At the same time, it is much more difficult to believe that this is a text delivered as a finished product direct from the hands of God. Rather, it is a very human document, edited and re-written, margins filled with corrections and commentary, lost and found, but nonetheless joyfully, reverently, miraculously handed down for millennia, still conveying truth and power and love and God’s ongoing story of creation and love for the world. That it speaks anything coherent after all that fragmentation and reconstruction is astounding; that it speaks truth and power and love is jaw-dropping.

Is this an amazing moment in the life of the church, this invitation to see the Bible perhaps with new eyes? Or is it just a bunch of old parchment found in the desert somewhere? Only we—and by we, I mean anyone with internet access—can decide what it means to us.


Replying to my sister’s comment from my previous post, and still thinking about it, I got the nugget. I think I figured out not only my sermon, but how I can live with this text (and I didn’t even have to hunt down a copy of Leonard Sweet’s out-of-print book, although I still have a request in to the inter-library loan for it). All it took was wrestling with that passage long enough for the Spirit to bless me (even if I think my hip is a little out of joint!). I know I’ve found good inspiration when it makes the hairs on the back of my neck stand up.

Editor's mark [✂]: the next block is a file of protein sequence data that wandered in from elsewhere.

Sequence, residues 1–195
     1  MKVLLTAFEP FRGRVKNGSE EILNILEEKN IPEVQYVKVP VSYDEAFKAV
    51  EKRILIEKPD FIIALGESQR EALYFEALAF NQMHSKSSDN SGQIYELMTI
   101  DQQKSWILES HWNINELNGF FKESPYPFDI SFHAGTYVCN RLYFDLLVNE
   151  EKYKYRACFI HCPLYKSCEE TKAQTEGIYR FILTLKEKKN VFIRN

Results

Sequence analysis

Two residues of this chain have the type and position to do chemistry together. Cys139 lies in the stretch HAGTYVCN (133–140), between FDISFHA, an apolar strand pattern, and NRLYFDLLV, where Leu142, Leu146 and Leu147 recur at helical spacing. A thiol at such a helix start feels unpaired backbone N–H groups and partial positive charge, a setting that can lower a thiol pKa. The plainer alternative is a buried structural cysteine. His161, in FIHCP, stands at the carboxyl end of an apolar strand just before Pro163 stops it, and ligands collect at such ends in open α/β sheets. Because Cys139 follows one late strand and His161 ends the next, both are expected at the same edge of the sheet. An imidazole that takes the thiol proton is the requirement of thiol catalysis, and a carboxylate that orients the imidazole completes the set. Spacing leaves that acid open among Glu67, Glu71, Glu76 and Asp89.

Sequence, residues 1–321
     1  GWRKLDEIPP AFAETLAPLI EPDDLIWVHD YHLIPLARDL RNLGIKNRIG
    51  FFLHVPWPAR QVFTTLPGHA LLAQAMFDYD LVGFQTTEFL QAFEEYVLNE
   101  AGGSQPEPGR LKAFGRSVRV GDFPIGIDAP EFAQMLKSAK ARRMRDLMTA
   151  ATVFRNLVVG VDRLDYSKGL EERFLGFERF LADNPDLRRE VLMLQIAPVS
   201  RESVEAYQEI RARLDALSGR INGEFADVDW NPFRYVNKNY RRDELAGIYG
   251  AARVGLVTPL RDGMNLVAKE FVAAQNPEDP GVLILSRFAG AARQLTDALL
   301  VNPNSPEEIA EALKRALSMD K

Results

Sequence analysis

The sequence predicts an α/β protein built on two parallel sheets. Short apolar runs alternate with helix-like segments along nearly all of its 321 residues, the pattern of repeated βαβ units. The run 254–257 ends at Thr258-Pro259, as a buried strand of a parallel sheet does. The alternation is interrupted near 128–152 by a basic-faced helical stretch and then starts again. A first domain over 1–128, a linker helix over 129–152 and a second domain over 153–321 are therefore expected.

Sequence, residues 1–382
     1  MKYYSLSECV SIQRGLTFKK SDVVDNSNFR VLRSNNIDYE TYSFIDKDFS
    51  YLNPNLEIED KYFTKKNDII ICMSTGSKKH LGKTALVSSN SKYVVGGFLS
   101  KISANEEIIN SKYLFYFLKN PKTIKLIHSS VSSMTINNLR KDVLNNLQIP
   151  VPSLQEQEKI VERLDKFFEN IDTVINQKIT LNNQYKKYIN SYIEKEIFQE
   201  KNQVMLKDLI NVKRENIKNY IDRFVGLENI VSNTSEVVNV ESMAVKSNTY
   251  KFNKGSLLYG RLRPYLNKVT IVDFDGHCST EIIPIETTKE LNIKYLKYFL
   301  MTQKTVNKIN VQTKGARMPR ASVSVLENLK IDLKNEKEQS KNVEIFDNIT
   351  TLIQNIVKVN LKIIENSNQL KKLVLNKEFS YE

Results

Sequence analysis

So what bugs me about the passage is not the child sacrifice (actually pretty common in Abraham’s time and place), or even Abraham’s blind obedience, inconceivable as it is. What bothers me is the praise. This was the right thing to do, and I just can’t believe that.

What I want God to say to Abe is, “Good effort, and I appreciate your faithfulness, but you’ve missed the point of being faithful. Remember when you bantered with me for the sake of a city full of rude strangers? That’s true faith. Dialogue with Me. Relationship with Me. Not blind following. Have you become so overpowered by the blessings you’ve received from me that you’ve forgotten to engage your whole self– body, spirit and mind in your worship? This is what I ask of my faithful ones: that you talk with me, argue with me, use your whole being in service to me. Ask questions. Recoil from evil, even when it comes from my lips.”

That’s what I want. I want God to tell us that something in us should recoil from a God who asks us to kill our children. I want God to say, loud and clear, this should make you uncomfortable. This should make you doubt. Never be so complacent as to think that I demand mindless automatons (is that the right word? I never know. I can’t say it right).